Now What?

Mike Lawson • InService • June 6, 2019

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At some point, every band or orchestra director will either retire or move to another career.

While there is much emphasis on mentorship and other ways to assist new directors, there are almost no programs to help us with a potentially more difficult transition. The U.S. Army has a mandatory program for anyone leaving the service to prepare them for the next phase of their life. Even with that assistance, leaving a job that you love is tough for everyone. I want to share some lessons that I learned and the research I’ve done into this issue.

In my case, I had over 37 years where I had established an identity as a music director and as a soldier. Prior to retirement from the Army, I was the senior music director in the U.S. Armed Forces and was on speed dial of many officials in the Department of Defense, the Congress, and of course, the media. I received 500-600 emails daily from all over the world. By the way, I also was Leader and Commander of The U.S. Army Band “Pershing’s Own,” one of the largest (and busiest) military music units in the world. Then, one day I was no longer in the Army, my phone wasn’t ringing constantly, the emails stopped, and my schedule was mostly free.

Sounds great, right? As a band or orchestra director, you are probably the most well-known and well-liked person in your community. You have students, parents, and administrators who rely on you. And then suddenly, you are not that person any longer. For each of us there are emotional/psychological, social/family, and financial impacts of this transition.

The identity that you have developed over the years is now essentially gone. I was fortunate to have a colleague warn me that about six months after retiring, I would hit a wall of depression, and he was so right. Because I had been warned about it, I was able to act with my health care provider. Now, imagine if upon your transition, you are now spending more time with your spouse/partner than you ever have before but then find yourself unhappy. Studies show increased divorce rates soon after retirement or a career transition because people make the mistaken assumption that their depression is related to spending time with their spouse.

Brett Favre reportedly said when ending his first retirement from pro football that the one thing about having nothing to do is that it doesn’t take long to do it. To overcome boredom (and depression) it’s important that you know how you see yourself now and how you want others to see you. For many years, your identity was Band/Orchestra director. What’s your identity going to be now?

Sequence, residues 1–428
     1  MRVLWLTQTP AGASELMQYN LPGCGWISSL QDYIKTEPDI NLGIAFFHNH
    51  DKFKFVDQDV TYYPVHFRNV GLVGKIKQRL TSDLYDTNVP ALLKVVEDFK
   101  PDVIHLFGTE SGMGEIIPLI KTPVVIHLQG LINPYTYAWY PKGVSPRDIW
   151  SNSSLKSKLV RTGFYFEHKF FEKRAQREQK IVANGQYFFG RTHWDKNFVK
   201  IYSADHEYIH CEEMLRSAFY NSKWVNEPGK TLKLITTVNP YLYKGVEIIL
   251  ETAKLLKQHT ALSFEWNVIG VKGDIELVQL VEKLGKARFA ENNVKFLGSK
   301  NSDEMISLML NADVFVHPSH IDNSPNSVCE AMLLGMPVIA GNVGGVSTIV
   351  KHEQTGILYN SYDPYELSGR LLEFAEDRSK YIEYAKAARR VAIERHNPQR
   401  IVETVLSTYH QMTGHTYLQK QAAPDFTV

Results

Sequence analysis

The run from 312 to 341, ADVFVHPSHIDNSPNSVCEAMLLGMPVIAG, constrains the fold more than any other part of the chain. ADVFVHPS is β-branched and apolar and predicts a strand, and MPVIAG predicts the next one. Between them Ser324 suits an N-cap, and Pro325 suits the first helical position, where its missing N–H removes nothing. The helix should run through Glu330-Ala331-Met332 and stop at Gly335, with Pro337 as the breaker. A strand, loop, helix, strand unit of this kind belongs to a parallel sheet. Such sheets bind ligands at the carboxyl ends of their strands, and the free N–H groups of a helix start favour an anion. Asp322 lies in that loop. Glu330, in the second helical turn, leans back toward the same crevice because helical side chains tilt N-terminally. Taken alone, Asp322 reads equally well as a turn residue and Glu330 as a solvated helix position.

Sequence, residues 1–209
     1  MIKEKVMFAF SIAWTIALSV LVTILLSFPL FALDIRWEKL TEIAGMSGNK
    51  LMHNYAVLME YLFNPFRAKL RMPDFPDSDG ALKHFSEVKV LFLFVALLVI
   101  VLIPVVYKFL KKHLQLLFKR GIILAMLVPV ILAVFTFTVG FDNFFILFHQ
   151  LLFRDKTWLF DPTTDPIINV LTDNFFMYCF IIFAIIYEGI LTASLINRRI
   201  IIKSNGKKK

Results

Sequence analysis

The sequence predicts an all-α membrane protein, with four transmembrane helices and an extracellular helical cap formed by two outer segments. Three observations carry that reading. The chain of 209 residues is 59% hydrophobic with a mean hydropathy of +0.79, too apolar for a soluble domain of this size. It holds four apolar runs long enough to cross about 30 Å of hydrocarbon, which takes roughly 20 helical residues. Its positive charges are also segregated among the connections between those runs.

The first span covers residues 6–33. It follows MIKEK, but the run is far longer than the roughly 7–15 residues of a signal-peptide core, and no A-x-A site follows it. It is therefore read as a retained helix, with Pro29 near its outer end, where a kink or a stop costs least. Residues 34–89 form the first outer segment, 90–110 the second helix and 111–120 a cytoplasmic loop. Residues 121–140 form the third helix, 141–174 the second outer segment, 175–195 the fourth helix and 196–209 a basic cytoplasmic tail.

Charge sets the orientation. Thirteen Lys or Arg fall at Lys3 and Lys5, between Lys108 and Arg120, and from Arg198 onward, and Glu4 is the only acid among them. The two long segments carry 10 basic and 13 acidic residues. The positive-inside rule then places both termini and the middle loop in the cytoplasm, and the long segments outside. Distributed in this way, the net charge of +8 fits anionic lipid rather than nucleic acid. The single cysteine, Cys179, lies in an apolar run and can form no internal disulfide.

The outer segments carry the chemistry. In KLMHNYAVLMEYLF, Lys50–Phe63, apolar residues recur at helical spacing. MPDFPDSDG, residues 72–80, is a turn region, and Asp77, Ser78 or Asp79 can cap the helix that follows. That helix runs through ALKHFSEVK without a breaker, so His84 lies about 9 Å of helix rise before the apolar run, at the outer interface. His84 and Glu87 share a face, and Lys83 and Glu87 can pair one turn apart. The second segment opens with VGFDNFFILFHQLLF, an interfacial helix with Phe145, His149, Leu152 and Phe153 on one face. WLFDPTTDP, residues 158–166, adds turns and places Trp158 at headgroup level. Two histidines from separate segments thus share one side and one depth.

The impact on your social relationships can be equally challenging. Most of us developed a circle of friends in the music and education communities. When you are no longer in “the biz” who will your friends be now? What will you talk about besides the awesome halftime show that you are no longer writing? This all goes back to who you are now, not who you used to be. The financial impacts of retirement or transition are unique to every individual. However, if you intend to now be self-employed, be serious about it. Create a limited liability company (LLC). Most states let you do it online and it usually costs no more than $100. Keep meticulous records and don’t mess with the IRS. Done right, you can legally deduct lots of things as business expenses. Remember, you don’t have a music library any more so you will be buying lots of scores (don’t be one of those folks whose library is full of illegal photocopies!).

If you are going to follow the self-employed path, be aware that self-marketing, maintaining a website (see mine at, and bookkeeping take a lot of time.

There is one terrific way to stay relevant in our profession – being a mentor. I encourage you to read my article in the August 2018 issue of SBO Magazine called “Be a Mentor – Get a Mentor.”

Here are my top five takeaways for those approaching retirement or a career transition:

• Start preparing as far in advance as possible.

• Be prepared for the inevitable challenges. If you are unhappy or depressed, get help!

• You get to define yourself now.

• Stay relevant – be a mentor.

• Enjoy it!

Starting next month in this space, we will have the first installment of the “Colonel’s Book Club.” Every three months I will suggest a book that I think might be helpful to music educators of all ages and experience levels. There will then be a link to a Facebook page where during or after reading, all of us can share our observations, insights, or other thoughts on the book.

Colonel (Retired) Thomas H. Palmatier is the former leader and commander of The U.S. Army Band “Pershing’s Own” and commander and conductor of The United States Army Field Band. He holds degrees in music education from the Crane School of Music (State University of New York at Potsdam) and Truman State University as well as a Master of strategic studies degree from the U.S. Army War College. He is an active clinician, adjudicator, and guest conductor of concert bands, orchestras, British-style brass bands, jazz ensembles, and marching bands. He is a Conn-Selmer Clinician and a member of the American Bandmasters Association.

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